Correlation of Oropharyngeal Pepsin and Gastroesophageal (GE) Reflux

This study is ongoing, but not recruiting participants.
Sponsor:
Collaborator:
Takeda
Information provided by (Responsible Party):
John Fortunato, Wake Forest University Baptist Medical Center
ClinicalTrials.gov Identifier:
NCT01091805
First received: March 23, 2010
Last updated: March 28, 2013
Last verified: March 2013

March 23, 2010
March 28, 2013
December 2008
September 2013   (final data collection date for primary outcome measure)
  • Positive correlation between GE reflux events and oropharyngeal pepsin concentrations [ Time Frame: 24 Hours ] [ Designated as safety issue: No ]
    1. Total number of GE reflux events by MII over 24 hours. Events will be further subdivided into acid or non-acid based on distal pH measurements.
    2. Total number of GE reflux events by MII over 24 hours will be classified as distal, mid, or proximal esophagus. Proximal events will be classified as acid or non-acid based on proximal pH sensor recordings.
    3. Esophageal clearance time for all GE reflux events.
    4. Oropharyngeal pepsin concentration immediately before and 30 minutes after feeds.
    5. Oropharyngeal pepsin concentration after awakening.
  • Compare oropharyngeal pepsin concentrations in patients with GE reflux to a. patients with normal pH/MII and isolated oral aspiration on MBS b. healthy controls. [ Time Frame: 24 hours ] [ Designated as safety issue: No ]
Same as current
Complete list of historical versions of study NCT01091805 on ClinicalTrials.gov Archive Site
  • Non-acid GE reflux events are positively correlated with increasing levels of oropharyngeal pepsin. [ Time Frame: 24 hours ] [ Designated as safety issue: No ]
    1. Total number of GE reflux events by MII over 24 hours. Events will be further subdivided into acid or non-acid based on distal pH measurements.
    2. Total number of GE reflux events by MII over 24 hours will be classified as distal, mid, or proximal esophagus. Proximal events will be classified as acid or non-acid based on proximal pH sensor recordings.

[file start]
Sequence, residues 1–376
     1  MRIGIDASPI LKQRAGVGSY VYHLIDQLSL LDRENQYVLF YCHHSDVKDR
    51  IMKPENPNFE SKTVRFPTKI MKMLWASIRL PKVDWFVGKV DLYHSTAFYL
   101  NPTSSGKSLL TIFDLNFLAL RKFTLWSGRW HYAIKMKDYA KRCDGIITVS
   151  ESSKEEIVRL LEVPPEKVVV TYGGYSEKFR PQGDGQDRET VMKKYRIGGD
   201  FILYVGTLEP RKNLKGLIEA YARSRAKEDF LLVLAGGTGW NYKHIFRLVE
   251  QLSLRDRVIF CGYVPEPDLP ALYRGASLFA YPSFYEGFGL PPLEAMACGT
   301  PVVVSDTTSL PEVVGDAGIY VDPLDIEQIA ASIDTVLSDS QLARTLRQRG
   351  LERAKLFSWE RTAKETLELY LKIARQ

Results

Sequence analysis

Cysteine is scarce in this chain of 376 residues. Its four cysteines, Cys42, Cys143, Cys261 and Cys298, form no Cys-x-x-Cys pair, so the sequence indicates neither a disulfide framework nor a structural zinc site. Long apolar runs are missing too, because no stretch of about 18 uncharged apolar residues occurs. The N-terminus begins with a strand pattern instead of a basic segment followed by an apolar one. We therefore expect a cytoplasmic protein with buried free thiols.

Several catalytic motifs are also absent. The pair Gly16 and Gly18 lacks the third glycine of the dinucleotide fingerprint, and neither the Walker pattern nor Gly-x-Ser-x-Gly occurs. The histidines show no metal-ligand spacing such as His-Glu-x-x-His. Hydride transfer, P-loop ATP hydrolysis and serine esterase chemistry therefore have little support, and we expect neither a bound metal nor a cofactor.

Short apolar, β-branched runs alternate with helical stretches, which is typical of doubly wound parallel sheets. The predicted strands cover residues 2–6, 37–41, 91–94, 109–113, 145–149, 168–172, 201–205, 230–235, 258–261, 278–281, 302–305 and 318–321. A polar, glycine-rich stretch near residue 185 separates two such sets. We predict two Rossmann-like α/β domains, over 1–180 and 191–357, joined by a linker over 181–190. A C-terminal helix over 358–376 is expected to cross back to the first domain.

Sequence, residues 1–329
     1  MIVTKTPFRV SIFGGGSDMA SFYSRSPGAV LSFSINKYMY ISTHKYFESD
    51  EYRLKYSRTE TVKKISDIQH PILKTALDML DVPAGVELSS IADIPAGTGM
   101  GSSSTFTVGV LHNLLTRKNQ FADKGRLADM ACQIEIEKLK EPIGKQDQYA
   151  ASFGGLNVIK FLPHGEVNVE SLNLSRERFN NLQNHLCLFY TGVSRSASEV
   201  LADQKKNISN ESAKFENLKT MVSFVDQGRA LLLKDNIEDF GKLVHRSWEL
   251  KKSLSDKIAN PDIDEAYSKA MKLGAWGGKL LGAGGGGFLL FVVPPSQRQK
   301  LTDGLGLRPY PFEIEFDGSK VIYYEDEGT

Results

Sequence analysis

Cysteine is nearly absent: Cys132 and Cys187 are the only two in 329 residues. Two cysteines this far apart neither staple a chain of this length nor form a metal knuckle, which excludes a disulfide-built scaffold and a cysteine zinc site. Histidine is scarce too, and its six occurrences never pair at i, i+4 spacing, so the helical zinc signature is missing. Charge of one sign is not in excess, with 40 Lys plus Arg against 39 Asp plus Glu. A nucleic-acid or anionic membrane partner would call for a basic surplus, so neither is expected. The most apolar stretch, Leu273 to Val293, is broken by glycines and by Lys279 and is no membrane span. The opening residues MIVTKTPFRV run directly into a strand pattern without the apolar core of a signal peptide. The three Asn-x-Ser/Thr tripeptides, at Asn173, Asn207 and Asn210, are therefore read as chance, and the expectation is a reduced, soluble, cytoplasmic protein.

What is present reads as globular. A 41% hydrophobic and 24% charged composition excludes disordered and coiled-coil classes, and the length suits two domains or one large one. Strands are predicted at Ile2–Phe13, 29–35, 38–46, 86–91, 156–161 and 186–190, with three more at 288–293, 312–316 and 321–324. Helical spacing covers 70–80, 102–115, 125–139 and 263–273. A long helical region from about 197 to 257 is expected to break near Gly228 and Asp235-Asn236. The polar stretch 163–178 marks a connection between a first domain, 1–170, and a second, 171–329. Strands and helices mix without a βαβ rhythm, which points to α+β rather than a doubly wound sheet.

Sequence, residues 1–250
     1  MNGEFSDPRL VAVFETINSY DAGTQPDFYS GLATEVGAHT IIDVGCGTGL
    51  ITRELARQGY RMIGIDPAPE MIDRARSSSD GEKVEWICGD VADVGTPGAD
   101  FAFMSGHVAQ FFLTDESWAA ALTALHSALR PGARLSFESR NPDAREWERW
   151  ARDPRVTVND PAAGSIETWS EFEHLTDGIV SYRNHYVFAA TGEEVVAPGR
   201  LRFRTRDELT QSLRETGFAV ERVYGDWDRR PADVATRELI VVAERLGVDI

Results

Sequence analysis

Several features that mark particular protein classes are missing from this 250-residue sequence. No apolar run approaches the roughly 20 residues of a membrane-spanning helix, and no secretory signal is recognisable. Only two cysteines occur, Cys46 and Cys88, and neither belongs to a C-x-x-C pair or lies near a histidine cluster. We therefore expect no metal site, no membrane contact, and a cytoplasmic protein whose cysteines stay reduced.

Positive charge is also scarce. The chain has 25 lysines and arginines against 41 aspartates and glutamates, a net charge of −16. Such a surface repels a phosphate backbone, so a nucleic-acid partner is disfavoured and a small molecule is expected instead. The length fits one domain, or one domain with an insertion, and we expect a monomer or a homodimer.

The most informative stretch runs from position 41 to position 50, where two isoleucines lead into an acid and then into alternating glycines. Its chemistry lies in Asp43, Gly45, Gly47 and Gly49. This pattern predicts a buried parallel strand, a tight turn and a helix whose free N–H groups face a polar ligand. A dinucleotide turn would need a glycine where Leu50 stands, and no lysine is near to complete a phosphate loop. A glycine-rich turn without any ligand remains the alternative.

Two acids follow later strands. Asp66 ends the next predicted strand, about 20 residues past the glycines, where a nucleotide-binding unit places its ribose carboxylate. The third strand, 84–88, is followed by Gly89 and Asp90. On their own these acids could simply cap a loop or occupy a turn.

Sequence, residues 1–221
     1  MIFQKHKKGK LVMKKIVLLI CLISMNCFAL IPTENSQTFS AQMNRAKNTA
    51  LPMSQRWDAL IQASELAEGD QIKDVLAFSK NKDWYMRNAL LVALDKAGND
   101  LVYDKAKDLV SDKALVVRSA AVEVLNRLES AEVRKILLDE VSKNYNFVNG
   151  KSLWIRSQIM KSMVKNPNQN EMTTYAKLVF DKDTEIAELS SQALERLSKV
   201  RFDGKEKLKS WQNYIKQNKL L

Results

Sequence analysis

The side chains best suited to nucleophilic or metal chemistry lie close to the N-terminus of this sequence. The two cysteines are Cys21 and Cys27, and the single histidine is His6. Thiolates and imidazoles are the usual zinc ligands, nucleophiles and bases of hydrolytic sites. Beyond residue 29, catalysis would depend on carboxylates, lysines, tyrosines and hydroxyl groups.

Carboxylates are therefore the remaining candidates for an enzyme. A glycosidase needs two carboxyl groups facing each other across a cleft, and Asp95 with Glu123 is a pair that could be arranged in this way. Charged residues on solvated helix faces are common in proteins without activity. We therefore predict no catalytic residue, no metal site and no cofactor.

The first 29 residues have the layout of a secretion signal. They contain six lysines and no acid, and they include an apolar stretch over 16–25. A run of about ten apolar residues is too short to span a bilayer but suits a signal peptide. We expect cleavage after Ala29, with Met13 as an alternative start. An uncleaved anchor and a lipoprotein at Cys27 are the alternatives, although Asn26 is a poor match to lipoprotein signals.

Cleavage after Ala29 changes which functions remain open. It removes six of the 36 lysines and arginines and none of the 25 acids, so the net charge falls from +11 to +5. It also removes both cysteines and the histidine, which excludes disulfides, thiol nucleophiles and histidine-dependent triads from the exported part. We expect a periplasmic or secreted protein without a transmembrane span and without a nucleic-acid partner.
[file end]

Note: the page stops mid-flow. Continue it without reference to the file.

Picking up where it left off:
3. Esophageal clearance time for all GE reflux events.
    4. Oropharyngeal pepsin concentration immediately before and 30 minutes after feeds.
    5. Oropharyngeal pepsin concentration after awakening.
  • Patients with isolated oral aspiration (without GE reflux) will have no oropharyngeal pepsin. [ Time Frame: 24 hours ] [ Designated as safety issue: No ]
    1. Total number of GE reflux events by MII over 24 hours. Events will be further subdivided into acid or non-acid based on distal pH measurements.
    2. Total number of GE reflux events by MII over 24 hours will be classified as distal, mid, or proximal esophagus. Proximal events will be classified as acid or non-acid based on proximal pH sensor recordings.
    3. Esophageal clearance time for all GE reflux events.
    4. Oropharyngeal pepsin concentration immediately before and 30 minutes after feeds.
    5. Oropharyngeal pepsin concentration after awakening.
Same as current
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Correlation of Oropharyngeal Pepsin and Gastroesophageal (GE) Reflux
Correlation of Oropharyngeal Pepsin and Gastroesophageal (GE) Reflux

The purpose of this research study is to see if GE reflux events are associated with increasing levels of pepsin in spit samples. Pepsin is a special protein called an "enzyme" that is made only in your stomach. It is not normally found in your throat. Pepsin breaks down food proteins that you eat to form nutritional building blocks that your body can use to grow. An enzyme is a substance that helps break down proteins.